The trend towards providing company cars is set to continue into 2008, after 96% of employers said they expected more drivers who need a car for their job to opt for a company car.
This is up 8% on the same period in 2006.
In addition, 67.9% employers predicted that more employees would be offered a company car as part of their employment package, which is up 6.7% year-on-year.
The findings are contained in the GE Capital Solutions quarterly Company Car Trends report.
The figures continue developments seen in Company Car Trends for more than a year, and suggest that the company car is staging a comeback following years when it has been widely accepted to be in decline.
Almost 100% of job-need drivers are now offered a company car by their employer as well as 78% of non-essential car users - this latter figure has risen 8.8% in the last 12 months.
This resurgence of the company car has been at the expense of cash for car schemes, says GE.
“Popularity of these has dipped by 5.8% year-on-year among job-need drivers, for example, and employers expect a further fall of 4.2% in this provision during the next 12 months.”
Indeed, cash for car schemes have dropped in popularity as a method of acquiring a car by 9.6% since 2006 while contract hire, outright purchase and outsourced fleet management have all increased slightly in use.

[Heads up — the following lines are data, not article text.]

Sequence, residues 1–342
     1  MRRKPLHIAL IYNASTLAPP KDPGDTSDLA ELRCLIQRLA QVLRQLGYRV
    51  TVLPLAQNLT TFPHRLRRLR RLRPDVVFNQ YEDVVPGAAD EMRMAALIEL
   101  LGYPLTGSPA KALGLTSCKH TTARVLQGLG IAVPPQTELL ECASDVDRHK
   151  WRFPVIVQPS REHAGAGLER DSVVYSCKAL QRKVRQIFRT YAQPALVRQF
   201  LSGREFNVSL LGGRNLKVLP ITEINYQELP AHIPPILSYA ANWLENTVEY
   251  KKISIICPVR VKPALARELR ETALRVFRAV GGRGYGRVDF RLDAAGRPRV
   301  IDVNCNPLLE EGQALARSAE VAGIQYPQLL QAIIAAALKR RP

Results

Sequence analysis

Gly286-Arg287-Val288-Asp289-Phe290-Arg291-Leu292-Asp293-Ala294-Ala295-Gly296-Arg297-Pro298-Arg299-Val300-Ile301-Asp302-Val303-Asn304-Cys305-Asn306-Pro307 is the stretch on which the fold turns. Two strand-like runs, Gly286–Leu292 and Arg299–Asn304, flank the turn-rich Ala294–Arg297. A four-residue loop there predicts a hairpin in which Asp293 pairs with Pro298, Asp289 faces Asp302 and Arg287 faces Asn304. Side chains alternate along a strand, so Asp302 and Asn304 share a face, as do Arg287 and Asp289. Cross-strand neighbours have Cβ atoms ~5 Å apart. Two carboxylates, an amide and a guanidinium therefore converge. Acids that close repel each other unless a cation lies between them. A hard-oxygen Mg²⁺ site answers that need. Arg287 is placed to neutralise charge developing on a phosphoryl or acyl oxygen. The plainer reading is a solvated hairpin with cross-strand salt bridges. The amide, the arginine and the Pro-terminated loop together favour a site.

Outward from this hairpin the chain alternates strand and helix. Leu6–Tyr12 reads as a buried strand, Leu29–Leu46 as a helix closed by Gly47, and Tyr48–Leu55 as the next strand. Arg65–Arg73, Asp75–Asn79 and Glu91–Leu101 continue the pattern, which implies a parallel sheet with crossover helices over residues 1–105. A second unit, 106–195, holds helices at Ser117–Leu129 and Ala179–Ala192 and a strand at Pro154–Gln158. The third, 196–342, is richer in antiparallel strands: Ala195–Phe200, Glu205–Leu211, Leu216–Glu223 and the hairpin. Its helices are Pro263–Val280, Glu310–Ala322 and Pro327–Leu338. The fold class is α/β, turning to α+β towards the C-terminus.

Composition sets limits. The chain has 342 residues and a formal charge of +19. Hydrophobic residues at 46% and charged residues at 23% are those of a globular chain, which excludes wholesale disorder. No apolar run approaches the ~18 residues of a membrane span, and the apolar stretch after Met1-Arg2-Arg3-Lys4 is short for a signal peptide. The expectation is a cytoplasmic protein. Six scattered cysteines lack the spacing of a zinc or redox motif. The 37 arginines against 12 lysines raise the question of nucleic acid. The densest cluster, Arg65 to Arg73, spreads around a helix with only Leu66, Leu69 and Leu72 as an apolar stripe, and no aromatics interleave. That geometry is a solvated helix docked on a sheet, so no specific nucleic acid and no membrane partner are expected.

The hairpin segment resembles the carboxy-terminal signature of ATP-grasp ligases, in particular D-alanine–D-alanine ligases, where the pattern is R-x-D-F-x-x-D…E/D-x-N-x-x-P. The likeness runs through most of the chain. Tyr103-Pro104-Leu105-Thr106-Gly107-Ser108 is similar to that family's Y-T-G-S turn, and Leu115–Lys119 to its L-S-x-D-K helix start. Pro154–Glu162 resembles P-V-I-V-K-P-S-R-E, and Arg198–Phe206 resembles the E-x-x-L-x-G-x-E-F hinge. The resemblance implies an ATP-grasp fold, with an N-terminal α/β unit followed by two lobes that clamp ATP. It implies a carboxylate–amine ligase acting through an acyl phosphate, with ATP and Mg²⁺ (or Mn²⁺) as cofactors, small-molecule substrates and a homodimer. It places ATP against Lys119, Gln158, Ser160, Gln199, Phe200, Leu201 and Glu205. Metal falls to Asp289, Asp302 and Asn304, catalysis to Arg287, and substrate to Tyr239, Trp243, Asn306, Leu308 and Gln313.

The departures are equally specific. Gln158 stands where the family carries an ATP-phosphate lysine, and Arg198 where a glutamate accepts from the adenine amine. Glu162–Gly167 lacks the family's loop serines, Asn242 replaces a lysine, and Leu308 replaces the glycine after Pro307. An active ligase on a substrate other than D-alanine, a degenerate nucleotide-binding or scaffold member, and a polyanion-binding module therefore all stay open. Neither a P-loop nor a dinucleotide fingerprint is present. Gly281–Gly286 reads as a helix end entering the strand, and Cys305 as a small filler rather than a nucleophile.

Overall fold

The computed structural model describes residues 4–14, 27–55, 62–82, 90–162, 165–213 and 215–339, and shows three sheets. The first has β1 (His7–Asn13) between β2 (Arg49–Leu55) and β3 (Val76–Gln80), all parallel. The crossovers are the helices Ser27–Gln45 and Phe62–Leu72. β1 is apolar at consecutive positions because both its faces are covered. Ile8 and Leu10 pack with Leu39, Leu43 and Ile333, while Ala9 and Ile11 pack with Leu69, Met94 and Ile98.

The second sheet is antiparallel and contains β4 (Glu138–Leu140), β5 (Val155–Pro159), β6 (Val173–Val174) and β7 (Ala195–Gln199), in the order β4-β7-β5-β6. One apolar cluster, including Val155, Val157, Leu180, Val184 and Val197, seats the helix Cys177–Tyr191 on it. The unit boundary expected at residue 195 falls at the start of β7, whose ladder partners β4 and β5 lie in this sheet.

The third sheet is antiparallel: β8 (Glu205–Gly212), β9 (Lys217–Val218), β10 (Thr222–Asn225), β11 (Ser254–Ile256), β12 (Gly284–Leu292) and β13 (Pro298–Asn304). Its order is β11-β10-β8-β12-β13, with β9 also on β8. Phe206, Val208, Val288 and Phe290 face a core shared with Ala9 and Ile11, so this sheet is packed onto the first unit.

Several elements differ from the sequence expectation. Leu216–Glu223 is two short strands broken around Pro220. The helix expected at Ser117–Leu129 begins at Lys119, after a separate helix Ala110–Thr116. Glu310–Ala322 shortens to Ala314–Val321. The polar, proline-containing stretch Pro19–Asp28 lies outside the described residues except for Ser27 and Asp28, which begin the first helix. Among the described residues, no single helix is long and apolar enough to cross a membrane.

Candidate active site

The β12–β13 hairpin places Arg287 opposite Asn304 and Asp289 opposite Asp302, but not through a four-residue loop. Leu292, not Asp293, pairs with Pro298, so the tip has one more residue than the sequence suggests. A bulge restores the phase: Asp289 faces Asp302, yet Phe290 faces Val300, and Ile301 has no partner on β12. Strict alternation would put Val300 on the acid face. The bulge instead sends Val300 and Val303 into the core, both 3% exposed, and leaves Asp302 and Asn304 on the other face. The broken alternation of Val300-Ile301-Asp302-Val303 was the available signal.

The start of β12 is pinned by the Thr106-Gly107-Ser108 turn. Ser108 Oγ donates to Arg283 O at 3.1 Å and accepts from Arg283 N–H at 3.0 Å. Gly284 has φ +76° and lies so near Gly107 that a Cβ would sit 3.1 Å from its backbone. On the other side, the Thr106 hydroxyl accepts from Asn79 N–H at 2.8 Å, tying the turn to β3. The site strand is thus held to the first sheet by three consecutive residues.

Overall demand for all types of business car is set to rise at a predicted 4.2%.
Rich Green, managing director at GE Capital Solutions Fleet Services, said: “A situation has developed where employers are trying to pull both job-need and non-essential drivers back into traditional company cars, and employees are also pushing to get back into them.
He the reasons for this are three fold: employers need to meet legal responsibilities for employee safety; the growing importance of environmental issues.
It is easier to ’green’ a fleet if companies have direct control over the vehicles their staff are driving; and many employees who have tried taking the cash for car option have switched back into a company car when given the opportunity, often because of the expense of maintaining it.